Counseling/Mood swings, feeling down
Hi William, thanks for reading my question.
I'm a 34 year old female. In the past few years, I've faced a bunch of crappy circumstances, and more are to come. I understand this is life, and things will always happen, but I'm becoming less tolerant to them and more encouraged just to run away from them all.
I really don't know if this is a direct result of medication I'm taking, and I don't expect you to tell me if it is or not. I've heard many stories about how it does cause depression and mood swings, and I can tell a stark difference between when I started taking it. Previously I was able to cope with problems a lot better. Now, I just have zero energy, zero will, and no motivation whatsoever to deal with these issues at all.
I've been having issues with believing the grass is always greener on the other side. When I go test out that grass on the other side, I always want to revert back to where I was before. In other words, I'm sometimes so lost and caught up in things that I can't figure out what is good and bad, what I will like and what I won't, etc.
I'm in a relationship with a man, we've had our ups and downs. He stresses over money, his job, his ex wife. I used to be with a man that just didn't care about anything, which isn't good either.
I was stressed before because I did not have a job, but I have luckily found one. Is it what I enjoy doing? Absolutely not. In fact, I quit a job just like this one because I hated it. Only difference is the job before paid me $15,000 more a year and I actually got to work on some things I enjoyed. This one, I'm being paid less, and even though I have experience in the areas I enjoy, my hiring manager told me in no way would I be working in those areas. Instead, I'll be working in a department I absolutely hate. However, a job is a job, and I need the money.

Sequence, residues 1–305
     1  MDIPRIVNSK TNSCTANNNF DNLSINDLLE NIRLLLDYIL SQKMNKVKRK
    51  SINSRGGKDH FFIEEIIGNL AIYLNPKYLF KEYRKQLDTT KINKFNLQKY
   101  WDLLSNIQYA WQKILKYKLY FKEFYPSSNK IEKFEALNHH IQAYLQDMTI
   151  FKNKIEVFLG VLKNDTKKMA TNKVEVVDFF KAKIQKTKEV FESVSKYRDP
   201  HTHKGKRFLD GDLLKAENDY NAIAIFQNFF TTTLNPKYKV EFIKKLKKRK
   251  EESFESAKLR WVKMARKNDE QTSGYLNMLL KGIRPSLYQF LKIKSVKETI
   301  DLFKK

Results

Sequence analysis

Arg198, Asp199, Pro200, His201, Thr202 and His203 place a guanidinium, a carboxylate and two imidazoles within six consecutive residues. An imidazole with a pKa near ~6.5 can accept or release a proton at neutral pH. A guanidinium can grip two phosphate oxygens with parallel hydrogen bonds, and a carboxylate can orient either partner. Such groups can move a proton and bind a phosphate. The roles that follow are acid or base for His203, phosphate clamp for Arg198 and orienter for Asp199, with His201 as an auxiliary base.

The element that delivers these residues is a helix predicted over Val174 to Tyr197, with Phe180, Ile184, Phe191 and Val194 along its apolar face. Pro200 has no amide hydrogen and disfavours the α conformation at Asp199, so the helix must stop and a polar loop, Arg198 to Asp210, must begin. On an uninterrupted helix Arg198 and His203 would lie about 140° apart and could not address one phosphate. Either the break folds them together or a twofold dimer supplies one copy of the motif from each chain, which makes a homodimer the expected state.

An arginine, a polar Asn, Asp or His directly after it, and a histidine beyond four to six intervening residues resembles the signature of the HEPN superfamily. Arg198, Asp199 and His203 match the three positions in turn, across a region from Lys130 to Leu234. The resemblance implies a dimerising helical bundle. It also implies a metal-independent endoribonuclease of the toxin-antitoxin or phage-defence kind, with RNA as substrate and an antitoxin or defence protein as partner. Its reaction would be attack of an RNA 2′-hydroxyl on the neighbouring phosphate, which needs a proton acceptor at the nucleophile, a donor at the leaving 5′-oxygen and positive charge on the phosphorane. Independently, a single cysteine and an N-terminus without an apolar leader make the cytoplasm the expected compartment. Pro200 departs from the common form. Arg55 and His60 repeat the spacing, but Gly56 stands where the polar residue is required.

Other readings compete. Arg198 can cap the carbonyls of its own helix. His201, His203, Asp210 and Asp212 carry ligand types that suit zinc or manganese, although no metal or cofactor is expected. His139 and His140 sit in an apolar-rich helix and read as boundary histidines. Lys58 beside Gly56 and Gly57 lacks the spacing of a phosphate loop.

I'm tired and exhausted, I don't care about much any more, and really have no joy. Yes, I have major mood swings where I'll be super happy and excited, and then go right back to feeling like this. Ugh.
Thanks for any help you can provide.
You sound like an intelligent woman, with good judgment. Your thought processes and reasoning seem clear and rational, and you show some good self reflection in what you've written here. For that reason, I'm going to encourage you to trust your judgment regarding the medication you're taking.
You said you noticed a "stark difference" when you started taking it. I don't know what your medication is, but I do know that these medications affect different people in different ways--therefore, you have to be the one to decide how it is affecting you. I didn't read anything in your question that indicated that you had been benefiting from the medication. If you are noticing benefits, you need to weigh those against your perceived detriments.
In my 39 years of professional experience, I've seen many cases where well-meaning physicians prescribe anti-depressant and anti-anxiety medications to individuals who would be better able to cope with their issues without the chemical intervention. You may be one of these...you have to be the one to decide that. From what little I know about you from your writing, I think this may well be the case.
One physician/author wrote, "Contrary to popular belief, depression is not a result of the absence of Prozac in the bloodstream." Interesting comment, and he is so right. Your body/mind are brilliantly designed to correct problems that you encounter, through the use of your own resources. Medication may or may not help you along the way, but it is most certainly not the long-term solution, as it treats symptoms, not cause. You can read more about this perspective on my web page entitled, Identify Signs of Depression and Heal Without Medication
As intelligent as you are, I think that you can also benefit from this journaling process
that I have developed. It basically guides you through a process where you serve as your own therapist, in a manner of speaking. I encourage you to try it, as I feel confident that you will find benefit.
The bottom line here, Meg, is that I encourage you to trust yourself and your own judgment as to what is right for you. Believe in yourself and your own inherent life wisdom. The more you believe in your inner wisdom, the stronger it will become and the better it will serve you.
I hope this is helpful.
Dr. William DeFoore